Illinois health officials announced Wednesday that they are temporarily redirecting approximately 97,000 COVID-19 vaccine doses that have not yet been used in order to increase the limited supply of vaccine to those who are eligible under phase 1B.
The redirected doses will come from a federal partnership program to vaccinate long-term care residents and staff, according to Illinois Department of Public Health Director Dr. Ngozi Ezike.
“We want to make sure every dose allocated to Illinois can be used as quickly and equitably as possible,” Ezike said in a statement. “Long-term care residents and staff remain a top priority and we will ensure there will be as many doses readily available to those facilities as the PPP (Pharmacy Partnership Program) can administer each week.”
The federal PPP includes Walgreens and CVS and is responsible for scheduling and administering vaccines to long-term care residents and staff. Long-term care facilities have been allocated 496,100 doses, but only 163,592 have been administered, according to the latest data available from the IDPH. That’s about a third of the allocated doses.
Doses allocated to the program were based on the total number of beds in each facility and assumed full participation by residents and staff in the vaccine program, according to officials. Doses were intentionally allocated to the program to ensure there would be more than enough to fully vaccinate all long-term care facilities.
Of the 97,000 doses being reallocated, 80,000 will come from CVS’ portion while the other 17,000 doses will come from Walgreens, according to state health officials.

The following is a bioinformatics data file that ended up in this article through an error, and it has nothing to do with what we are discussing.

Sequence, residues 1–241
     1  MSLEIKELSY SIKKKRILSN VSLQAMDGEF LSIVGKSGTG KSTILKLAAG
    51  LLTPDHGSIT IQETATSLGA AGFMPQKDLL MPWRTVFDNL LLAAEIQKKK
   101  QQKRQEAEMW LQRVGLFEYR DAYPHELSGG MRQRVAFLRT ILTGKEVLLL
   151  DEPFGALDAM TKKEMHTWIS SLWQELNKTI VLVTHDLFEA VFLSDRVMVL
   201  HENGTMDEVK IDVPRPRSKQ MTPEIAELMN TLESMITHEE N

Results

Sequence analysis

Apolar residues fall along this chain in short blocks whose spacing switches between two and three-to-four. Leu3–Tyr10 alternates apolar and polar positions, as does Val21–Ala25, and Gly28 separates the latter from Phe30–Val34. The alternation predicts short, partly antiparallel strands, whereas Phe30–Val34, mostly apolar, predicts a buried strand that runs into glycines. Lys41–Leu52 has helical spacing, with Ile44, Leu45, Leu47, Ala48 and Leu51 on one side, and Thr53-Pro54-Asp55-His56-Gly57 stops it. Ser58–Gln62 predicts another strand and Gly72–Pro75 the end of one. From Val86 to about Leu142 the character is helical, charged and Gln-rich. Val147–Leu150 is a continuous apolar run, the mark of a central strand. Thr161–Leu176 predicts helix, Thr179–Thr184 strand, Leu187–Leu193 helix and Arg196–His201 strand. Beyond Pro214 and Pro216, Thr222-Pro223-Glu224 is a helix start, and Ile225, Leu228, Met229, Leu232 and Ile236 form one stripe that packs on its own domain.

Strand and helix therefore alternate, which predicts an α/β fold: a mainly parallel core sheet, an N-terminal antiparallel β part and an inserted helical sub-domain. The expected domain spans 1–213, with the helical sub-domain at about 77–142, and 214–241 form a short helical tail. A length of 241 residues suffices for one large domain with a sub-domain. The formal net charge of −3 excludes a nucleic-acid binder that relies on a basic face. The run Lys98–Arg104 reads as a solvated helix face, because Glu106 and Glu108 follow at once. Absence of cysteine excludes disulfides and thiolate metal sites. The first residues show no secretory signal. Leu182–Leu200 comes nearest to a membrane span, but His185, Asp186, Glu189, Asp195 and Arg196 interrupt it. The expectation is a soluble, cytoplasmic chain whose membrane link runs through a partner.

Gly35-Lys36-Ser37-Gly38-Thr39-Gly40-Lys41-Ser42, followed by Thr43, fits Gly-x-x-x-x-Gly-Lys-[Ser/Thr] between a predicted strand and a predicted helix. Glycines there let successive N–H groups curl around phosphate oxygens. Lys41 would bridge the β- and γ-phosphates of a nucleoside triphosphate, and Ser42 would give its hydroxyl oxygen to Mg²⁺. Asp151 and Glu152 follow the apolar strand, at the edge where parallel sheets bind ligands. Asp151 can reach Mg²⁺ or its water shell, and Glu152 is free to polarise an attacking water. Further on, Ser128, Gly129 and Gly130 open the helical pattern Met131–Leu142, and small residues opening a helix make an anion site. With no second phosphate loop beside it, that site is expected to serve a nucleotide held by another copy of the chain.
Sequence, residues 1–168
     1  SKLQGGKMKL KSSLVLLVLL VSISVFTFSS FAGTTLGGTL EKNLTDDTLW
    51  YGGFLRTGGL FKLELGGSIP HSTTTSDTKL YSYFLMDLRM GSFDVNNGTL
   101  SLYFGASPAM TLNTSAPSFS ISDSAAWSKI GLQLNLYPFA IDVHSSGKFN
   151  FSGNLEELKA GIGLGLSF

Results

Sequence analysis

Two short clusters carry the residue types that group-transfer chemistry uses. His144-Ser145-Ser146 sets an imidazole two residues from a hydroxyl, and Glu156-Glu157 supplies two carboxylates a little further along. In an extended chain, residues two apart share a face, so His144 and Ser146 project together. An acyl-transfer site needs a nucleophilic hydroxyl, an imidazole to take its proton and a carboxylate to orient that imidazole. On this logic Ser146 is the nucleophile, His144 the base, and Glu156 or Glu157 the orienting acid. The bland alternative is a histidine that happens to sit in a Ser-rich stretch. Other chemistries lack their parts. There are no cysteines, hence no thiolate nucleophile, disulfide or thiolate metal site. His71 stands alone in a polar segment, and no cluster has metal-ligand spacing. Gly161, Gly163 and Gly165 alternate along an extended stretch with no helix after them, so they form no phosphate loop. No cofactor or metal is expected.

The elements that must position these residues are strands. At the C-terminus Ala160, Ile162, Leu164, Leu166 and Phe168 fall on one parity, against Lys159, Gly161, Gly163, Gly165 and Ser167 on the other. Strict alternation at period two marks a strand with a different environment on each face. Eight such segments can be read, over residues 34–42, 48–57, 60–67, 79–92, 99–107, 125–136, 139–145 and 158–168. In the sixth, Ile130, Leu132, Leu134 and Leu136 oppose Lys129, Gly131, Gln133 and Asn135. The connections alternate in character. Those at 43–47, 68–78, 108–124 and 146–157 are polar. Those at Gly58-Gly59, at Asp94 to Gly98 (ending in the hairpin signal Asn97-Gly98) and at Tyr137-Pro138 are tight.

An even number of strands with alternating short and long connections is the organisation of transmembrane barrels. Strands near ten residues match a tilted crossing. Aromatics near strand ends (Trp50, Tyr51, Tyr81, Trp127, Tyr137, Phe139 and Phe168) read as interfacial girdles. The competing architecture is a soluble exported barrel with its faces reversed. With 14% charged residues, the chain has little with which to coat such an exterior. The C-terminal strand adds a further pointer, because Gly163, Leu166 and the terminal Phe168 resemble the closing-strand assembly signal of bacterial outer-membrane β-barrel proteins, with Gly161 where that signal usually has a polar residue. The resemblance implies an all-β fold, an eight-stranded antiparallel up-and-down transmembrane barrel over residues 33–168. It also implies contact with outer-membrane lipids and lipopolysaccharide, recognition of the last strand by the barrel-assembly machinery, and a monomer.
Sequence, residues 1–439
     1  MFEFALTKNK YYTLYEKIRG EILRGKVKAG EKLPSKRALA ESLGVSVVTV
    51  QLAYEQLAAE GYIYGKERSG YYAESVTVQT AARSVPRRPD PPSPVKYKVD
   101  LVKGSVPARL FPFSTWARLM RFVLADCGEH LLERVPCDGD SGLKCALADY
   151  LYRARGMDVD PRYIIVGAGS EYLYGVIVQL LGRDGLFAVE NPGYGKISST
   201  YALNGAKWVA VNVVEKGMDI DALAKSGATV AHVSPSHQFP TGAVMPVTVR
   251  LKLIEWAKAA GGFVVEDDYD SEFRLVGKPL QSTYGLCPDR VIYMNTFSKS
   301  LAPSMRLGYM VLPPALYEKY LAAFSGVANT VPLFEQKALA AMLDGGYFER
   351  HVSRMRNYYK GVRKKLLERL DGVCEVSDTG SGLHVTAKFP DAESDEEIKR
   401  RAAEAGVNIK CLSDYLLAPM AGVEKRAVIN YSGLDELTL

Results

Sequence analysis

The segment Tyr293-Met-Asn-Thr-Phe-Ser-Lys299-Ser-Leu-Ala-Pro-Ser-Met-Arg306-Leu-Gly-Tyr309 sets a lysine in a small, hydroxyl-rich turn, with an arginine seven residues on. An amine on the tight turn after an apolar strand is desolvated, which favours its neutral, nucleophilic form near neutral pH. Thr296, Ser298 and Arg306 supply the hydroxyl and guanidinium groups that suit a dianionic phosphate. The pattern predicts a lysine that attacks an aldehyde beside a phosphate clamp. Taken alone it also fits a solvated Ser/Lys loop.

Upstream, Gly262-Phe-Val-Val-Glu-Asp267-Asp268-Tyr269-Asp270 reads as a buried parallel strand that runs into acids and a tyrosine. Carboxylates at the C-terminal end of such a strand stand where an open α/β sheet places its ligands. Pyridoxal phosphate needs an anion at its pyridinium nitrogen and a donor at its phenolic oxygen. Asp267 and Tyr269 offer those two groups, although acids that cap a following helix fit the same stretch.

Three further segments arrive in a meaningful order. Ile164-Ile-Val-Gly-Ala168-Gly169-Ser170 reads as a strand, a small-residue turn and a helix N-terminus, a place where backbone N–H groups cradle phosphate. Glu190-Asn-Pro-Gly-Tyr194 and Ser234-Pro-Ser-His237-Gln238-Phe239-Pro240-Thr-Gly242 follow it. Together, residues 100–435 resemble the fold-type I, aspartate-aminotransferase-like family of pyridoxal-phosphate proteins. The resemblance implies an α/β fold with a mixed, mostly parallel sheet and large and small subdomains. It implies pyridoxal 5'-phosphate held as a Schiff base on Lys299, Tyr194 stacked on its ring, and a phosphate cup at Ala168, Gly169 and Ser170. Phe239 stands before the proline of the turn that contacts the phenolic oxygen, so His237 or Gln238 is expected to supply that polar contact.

Approximately 110,000 doses will remain available for the federal effort to vaccinate long-term care residents after the transfer, according to officials, who say the program is administering approximately 36,000 doses per week. IDPH will monitor the program and direct additional doses to it if needed or if the rate of vaccination accelerates.
“The State is grateful for its partnerships with hundreds of providers and we are directing excess doses that otherwise would be sitting in the freezer three weeks from now to locations across Illinois to vaccinate our Phase 1B residents,” Ezike said in a statement.
More than 3.2 million Illinois residents qualify for vaccination under phase 1B, including teachers, first responders, public transit workers and grocery store workers.
Officials maintain that long-term care facilities remain a top priority in the state’s vaccination plan and the Illinois Department of Human Services is sending at least eight teams of nurses, volunteers and support staff to assisted living facilities, intermediate care facilities for people with developmental disabilities and group homes, according to IDPH.
The teams are expected to be deployed in facilities this week, according to officials, who said facilities that are in the final stages of the federal program have been given the opportunity to have a state team visit their site in lieu of the federal teams.